2. 1 Motors use the effect of forces on current-carrying conductors in magnetic fields 2. 1. 1 The motor effect The motor effect is where a force acts on a current-carrying conductor in a magnetic field. The right hand palm rule is used to find certain properties: fingers point to magnetic field, thumb points in DC direction and palm points to direction of the force. 2. 1. 2 Factors affecting the force acting on the current-carrying conductor
Forces are experienced by the electrons in the conductor and are affected by: * Length of conductor (longer conductor means more electrons hence more electrons experiencing the force) * Strength of magnetic field (more force on electrons) * Amount of current in conductor (more current results in more electrons) * Angle between conductor and field The amount of force can be calculated by F=BILsin? 2. 1. 3 Forces between parallel current-carrying wires The force per unit length for two long parallel wires is proportional to the product of the currents and inversely proportional to their separation.
Mathematically: F/L=Ki1i2/d where K is a constant of 2×10-7. The force is attractive if the currents travel in the same direction and repulsive if they travel in opposite directions. 2. 1. 4 Torque Torque = Force X perpendicular distance from the fulcrum to the line of action of the force. Torque can be increased by increase force and/or increasing distance from the fulcrum to where the force is applied. 2. 1. 5 Torque on a current-carrying coil in a magnetic field Torque on a current carrying conductor depends on: * Number of coils (n) * Strength of magnetic field (B) * Size of current (i) Area of coil (A) and angle to field By increase the number of coils, the torque increases since every coil experiences the same force. ?=nBiAcos? 2. 1. 6 Electric motors Electric motors convert electrical energy into mechanical energy. A coil with current flowing in it, when placed in a magnetic field experiences a force causing the coil to rotate. * Rotor: rotating part in an electric motor. Consists of armature and rotor coils * Armature: the soft iron laminated core that rotates in an electric motor * Field structure: the source of the magnetic field in the motor.
It can be due permanent magnets * Commutator: a split ring device used to reverse the direction of the current in the rotor coils each half cycle * Brushes: conductors that take the current to the rotor coils. They are usually made of carbon. 2. 1. 7 Motors and magnetic fields Magnetic fields can be produced either by permanent magnets or by electromagnets. Permanent magnets are convenient to use but generally have small magnetic fields. Electromagnets can be varied in strength by changing the current through them.
In a galvanometer the motor effect is used to cause motion of a coil. In the galvanometer the coil is restrained by a spring. The amount of twist is proportional to the current in the coil. 2. 2 The relative motion between a conductor and a magnetic field is used to generate an electrical voltage First hand investigation: Current generation Connect a coil of many turns to a zero centered galvanometer. Move a small magnet in and out of the coil and we can observe a small current is produced when the magnet is moved but no current when there was no movement.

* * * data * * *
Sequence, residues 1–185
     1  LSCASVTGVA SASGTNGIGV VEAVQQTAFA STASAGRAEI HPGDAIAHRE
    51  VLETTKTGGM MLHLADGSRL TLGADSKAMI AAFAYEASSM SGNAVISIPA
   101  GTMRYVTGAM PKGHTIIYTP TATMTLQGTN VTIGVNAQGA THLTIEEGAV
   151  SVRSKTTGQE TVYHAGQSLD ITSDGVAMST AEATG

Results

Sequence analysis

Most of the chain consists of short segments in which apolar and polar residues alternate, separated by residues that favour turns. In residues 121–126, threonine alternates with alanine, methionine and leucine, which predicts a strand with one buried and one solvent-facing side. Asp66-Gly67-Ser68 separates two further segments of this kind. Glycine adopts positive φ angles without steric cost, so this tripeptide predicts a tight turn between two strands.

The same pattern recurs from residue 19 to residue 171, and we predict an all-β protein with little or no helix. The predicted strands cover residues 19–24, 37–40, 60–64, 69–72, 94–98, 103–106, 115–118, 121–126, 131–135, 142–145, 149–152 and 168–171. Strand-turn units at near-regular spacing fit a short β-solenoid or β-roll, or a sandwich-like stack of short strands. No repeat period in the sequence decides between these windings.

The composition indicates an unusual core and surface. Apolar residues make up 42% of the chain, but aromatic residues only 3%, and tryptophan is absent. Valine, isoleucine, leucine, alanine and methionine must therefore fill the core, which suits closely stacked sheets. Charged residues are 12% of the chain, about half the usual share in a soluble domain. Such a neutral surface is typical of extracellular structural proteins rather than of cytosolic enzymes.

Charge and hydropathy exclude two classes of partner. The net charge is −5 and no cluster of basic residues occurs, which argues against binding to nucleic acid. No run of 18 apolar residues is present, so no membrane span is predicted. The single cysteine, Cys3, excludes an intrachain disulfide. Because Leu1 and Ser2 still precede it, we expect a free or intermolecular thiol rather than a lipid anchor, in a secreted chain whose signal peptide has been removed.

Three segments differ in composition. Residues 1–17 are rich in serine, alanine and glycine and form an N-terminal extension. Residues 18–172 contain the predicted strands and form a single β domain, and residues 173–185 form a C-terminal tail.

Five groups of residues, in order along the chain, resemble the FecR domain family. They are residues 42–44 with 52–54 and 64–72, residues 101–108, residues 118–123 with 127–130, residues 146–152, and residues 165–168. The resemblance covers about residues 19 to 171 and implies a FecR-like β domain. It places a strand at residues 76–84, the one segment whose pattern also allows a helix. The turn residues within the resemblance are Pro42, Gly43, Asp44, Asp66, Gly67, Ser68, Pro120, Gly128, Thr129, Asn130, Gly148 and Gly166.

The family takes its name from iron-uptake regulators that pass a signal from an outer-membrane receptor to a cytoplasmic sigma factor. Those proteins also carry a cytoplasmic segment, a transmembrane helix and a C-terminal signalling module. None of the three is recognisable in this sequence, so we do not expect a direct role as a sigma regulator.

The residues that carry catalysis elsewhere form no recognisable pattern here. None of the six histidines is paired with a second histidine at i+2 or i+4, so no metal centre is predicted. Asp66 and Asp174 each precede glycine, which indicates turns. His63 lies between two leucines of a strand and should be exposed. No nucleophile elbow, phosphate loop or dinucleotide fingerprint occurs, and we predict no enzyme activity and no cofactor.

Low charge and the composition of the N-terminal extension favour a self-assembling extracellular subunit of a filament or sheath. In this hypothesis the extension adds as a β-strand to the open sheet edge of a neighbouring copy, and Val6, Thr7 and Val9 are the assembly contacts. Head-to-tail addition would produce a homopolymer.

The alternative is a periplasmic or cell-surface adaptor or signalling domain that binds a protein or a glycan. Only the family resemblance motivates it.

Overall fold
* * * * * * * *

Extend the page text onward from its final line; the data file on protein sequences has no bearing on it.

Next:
By varying the speed (relative motion) of the movement and strength of magnet, the galvanometer flickered more therefore more current produced. Distance also affects this. 2. 2. 1 Faraday and electromagnetic induction Electromagnetic induction is where an emf is produced when a conductor “cuts” magnetic lines of force. ie there is a change of magnetic flux through a circuit. Faraday’s experiment: Connect a coil of many turns to a zero centered galvanometer. Move a small magnet in and out of the coil and we can observe a small current is produced when the magnet is moved but no current when there was no movement.
By varying the speed (relative motion) of the movement and strength of magnet, the galvanometer flickered more therefore more current produced. Distance also affects this. 2. 2. 2 Magnetic field strength and magnetic flux density Magnetic flux density (B) is a measure of the number of lines of force per unit area. It is also equivalent to the strength of the magnetic field and is measured in Weber (Wb) 2. 2. 3 Magnetic flux Magnetic flux (? ) is a measure of the number of lines of force emerging through an area. It is the product of magnetic flux density and area : ? BA measured in Webers (Wb) 2. 2. 4 Size of the induced emf The induced emf is proportional to the rate of change of magnetic flux through the circuit. 2. 2. 5 Len’s Law Len’s law: the direction of the induced emf is such that it opposes the change that produced it. Len’s law is a consequence of the law of conservation of energy because if the induced emf aided the motion, then the conductor would accelerate causing a greater emf, which would cause further acceleration, etc … an infinite amount of energy would be created. . 2. 6 Len’s Law and back emf 2. 2. 7 Back emf in electric motors 2. 2. 8 Eddy Currents Eddy currents are circular currents induced in bulk conductors placed in a changing magnetic field. Eddy currents are produced by electromagnetic induction. Changing flux induces currents that flow in a circle as this provides minimum resistance. The faster the conductor ‘cuts magnetic flux’ the greater the force of resistance. As the object slows the force is lessened so the braking is smooth and not jerky.